A traditional approach to concurrency in programming languages is well known — you are given primitives that launch concurrent processes, threads, tasks, coroutines, actors (you name it!) and some means to establish communication between them. As systems become more concurrent and as those primitives become more lightweight, tracking lifetimes of those entities and making sure they do not leak becomes a challenge.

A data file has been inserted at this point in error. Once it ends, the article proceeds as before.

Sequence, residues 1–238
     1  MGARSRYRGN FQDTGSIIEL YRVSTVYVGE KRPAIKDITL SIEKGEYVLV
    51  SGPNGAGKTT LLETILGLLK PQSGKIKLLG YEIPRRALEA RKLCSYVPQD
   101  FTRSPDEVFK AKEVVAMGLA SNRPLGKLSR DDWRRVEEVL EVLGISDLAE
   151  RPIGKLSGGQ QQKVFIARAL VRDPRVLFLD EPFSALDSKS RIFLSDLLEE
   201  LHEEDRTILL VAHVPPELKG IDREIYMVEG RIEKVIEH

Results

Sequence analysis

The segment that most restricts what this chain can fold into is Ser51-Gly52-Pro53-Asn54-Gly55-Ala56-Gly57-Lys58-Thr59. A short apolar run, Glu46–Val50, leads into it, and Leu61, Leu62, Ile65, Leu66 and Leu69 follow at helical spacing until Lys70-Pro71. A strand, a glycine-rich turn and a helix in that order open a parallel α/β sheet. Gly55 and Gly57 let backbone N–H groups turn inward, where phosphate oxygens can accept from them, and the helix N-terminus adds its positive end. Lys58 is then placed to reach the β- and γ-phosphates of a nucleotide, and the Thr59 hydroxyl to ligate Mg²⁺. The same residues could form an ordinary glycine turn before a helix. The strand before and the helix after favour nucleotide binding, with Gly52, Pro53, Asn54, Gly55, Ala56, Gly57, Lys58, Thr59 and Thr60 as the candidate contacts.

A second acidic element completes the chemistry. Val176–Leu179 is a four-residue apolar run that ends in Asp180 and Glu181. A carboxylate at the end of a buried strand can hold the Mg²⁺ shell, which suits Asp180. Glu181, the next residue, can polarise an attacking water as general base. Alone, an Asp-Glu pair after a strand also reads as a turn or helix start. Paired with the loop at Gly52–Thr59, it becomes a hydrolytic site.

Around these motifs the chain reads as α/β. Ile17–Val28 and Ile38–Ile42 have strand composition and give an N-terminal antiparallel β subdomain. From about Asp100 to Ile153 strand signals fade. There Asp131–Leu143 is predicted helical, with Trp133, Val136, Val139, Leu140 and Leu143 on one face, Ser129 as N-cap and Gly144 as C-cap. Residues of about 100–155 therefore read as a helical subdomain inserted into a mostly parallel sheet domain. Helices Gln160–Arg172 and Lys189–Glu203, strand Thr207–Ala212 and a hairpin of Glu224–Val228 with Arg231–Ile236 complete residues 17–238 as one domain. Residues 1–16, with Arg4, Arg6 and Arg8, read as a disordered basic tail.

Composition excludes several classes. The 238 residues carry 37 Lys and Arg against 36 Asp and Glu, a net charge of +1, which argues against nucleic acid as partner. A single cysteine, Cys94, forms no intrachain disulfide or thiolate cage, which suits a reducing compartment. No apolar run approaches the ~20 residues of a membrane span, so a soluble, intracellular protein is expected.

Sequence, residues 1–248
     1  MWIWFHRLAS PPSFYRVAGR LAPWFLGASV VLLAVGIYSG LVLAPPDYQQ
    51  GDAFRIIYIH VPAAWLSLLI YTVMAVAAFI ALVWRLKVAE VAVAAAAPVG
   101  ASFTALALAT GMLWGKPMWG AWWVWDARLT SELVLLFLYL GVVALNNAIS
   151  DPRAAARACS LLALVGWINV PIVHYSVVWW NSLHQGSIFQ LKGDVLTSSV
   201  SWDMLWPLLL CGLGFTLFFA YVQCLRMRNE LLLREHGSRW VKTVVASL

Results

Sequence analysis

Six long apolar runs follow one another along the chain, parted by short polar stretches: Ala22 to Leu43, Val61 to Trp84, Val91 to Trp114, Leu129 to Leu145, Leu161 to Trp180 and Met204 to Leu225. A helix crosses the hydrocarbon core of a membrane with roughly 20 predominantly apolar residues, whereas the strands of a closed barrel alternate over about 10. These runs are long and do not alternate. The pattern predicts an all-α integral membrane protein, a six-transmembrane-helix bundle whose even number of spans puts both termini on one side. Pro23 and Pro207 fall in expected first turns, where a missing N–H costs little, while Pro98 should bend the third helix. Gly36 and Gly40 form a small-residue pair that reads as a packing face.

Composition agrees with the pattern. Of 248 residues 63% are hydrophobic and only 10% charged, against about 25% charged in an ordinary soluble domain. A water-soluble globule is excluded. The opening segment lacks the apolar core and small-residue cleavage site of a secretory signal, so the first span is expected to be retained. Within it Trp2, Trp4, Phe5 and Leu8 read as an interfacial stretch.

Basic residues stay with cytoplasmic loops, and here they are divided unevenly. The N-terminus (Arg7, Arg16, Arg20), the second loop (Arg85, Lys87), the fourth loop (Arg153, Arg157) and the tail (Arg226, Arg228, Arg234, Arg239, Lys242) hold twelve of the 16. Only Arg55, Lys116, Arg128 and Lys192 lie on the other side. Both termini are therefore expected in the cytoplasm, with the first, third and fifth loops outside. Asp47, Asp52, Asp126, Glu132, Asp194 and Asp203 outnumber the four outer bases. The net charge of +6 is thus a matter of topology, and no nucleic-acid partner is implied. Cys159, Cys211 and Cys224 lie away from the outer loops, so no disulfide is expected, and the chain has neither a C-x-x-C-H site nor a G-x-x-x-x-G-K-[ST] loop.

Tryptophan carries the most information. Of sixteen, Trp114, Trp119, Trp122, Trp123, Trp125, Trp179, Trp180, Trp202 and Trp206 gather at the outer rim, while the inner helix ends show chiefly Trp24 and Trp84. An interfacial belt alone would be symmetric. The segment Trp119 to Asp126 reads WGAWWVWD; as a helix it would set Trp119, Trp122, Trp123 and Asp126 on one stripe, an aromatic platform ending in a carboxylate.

In this talk we'll tell the story of the path that we went through when designing concurrency libraries for Kotlin programming language. How we started with traditional concurrency primitives and how we've discovered and implemented the concept of structured concurrency, what's behind the name, and how it is now gaining popularity in other ecosystems. It would not be an exaggeration to say that we are witnessing a programming style revolution akin to move from GOTO-based unstructured code of the past to the structured programming paradigms of today that had started with iconic "Go To Statement Considered Harmful" letter of Dijkstra in 1968.